If you wrote to your MP, pat yourself on the back. Such lobbying can work wonders. Mark Lazarowicz, Lab, said his "gut reaction" had initially been to support Martlew's bill. 'This must be a sensible idea, but as I have had information sent to me, I have swung to an extremely sceptical position....We must regard cycling as natural, not needing special protective equipment. Pedestrians are more likely to suffer head injuries than cyclists."
For the 20+ stories BikeBiz.com has run on the Martlew bill, click on the link below
* Eric Martlew claimed his Bill had the support of the Prime Minister Tony Blair, Transport Secretary Alistair Darling and Home Secretary David Blunkett. However, Martlew furnished no proof of his claims.
* Martlew said the equivalent of one primary school class were killed and an entire secondary school seriously injured in cycle-related accidents every year. The death of a child is a tragedy. But the death of a child that could have been avoided is a scandal. And for every child that dies there are probably 10 severely injured many of them with brain damage.
* When asked to reply to a certain fact, Martlew said he couldn't locate the fact because he had left the relevant paper upstairs. "Nothing like being well-prepared, hey?" said a Commons commentator later...
* Martlew claimed his bill was "simple, well-defined, modest, targetted and will work."
* Sir George Young, the 'bicycling baronet', commended Martlew on his bill, and supported it. There would be no rise in obesity should children cease to be cyclists after being forced to wear cycle helmets, said Young in a considered, temperate speech. He said the policy advisor to Sustrans had written asking him not to support the bill. He acknowledged that MPs who cycled had different opinions on the helmet issue. "I hope those who disagree with me do not let my tyres down in the member's cycle racks."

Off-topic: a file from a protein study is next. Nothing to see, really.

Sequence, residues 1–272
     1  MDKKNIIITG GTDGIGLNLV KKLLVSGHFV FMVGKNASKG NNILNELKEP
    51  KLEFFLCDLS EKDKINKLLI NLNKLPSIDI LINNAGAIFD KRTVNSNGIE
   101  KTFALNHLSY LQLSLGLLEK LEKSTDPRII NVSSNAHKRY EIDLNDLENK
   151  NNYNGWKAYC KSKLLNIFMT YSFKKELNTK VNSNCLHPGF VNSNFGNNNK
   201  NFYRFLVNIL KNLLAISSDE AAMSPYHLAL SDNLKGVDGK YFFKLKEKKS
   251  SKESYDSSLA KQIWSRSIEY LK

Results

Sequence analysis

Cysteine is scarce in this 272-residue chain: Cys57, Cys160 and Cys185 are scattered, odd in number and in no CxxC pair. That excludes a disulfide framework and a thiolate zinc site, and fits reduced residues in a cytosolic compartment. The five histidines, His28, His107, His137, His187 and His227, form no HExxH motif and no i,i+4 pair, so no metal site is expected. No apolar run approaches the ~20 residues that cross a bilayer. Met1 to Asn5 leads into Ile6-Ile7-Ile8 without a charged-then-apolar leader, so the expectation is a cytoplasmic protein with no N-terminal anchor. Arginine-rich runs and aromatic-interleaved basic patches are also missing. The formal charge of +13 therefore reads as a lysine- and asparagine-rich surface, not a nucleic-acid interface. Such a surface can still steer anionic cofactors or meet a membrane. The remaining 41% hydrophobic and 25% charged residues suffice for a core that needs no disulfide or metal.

* Martlew said Halfords supported his bill. He also said David Millar, the time trial specialist, was a supporter, and read out a short extract from a letter. Martlew also said Jason Queally supported the bill. This is wrong, see links below.
* The CTC was attacked by Sir George Young, Martlew and others for being "anti helmet". Martlew was aghast that the CTC could complain about last year's DfT Cycle Sense helmet campaign which used images of x-rayed skulls to make children wear helmets.
* Martlew suggests CTC members should take action: "I would suggest to the CTC that if they want to be taken seriously they should change their policies and their leadership."
* Martlew: "The cycle trade association is more interested in selling bicycles than saving children."
* Edward Leigh, Cons, read out a letter from Brian Walker of Head Protection Evaluation which said that cheap helmets do not meet the tough Snell B standard or the EN1078 standard. "I have hardly ever seen a helmet worn properly," wrote Walker. On cheaper helmets "correct adjustment is not possible." Leigh asked whether 28 lives a year would really be saved by helmet compulsion.
* Leigh also quoted from a recent court case where a neurosurgeon said he had seen brain damage in patients who had been wearing cycle helmets.
* Leigh: "A layman assumes that when you wear a helmet you'll be safe but it's not a given fact that 28 lives would be saved."
* Leigh didn't want to get into a statistics fight but he did want to say that when helmet compulsion was introduced in New Zealand it led to a 20 percent fall in cycle use, and there has been little recovery. In Sydney, there was a 91 percent drop in cycle use by secondary school pupils following helmet compulsion.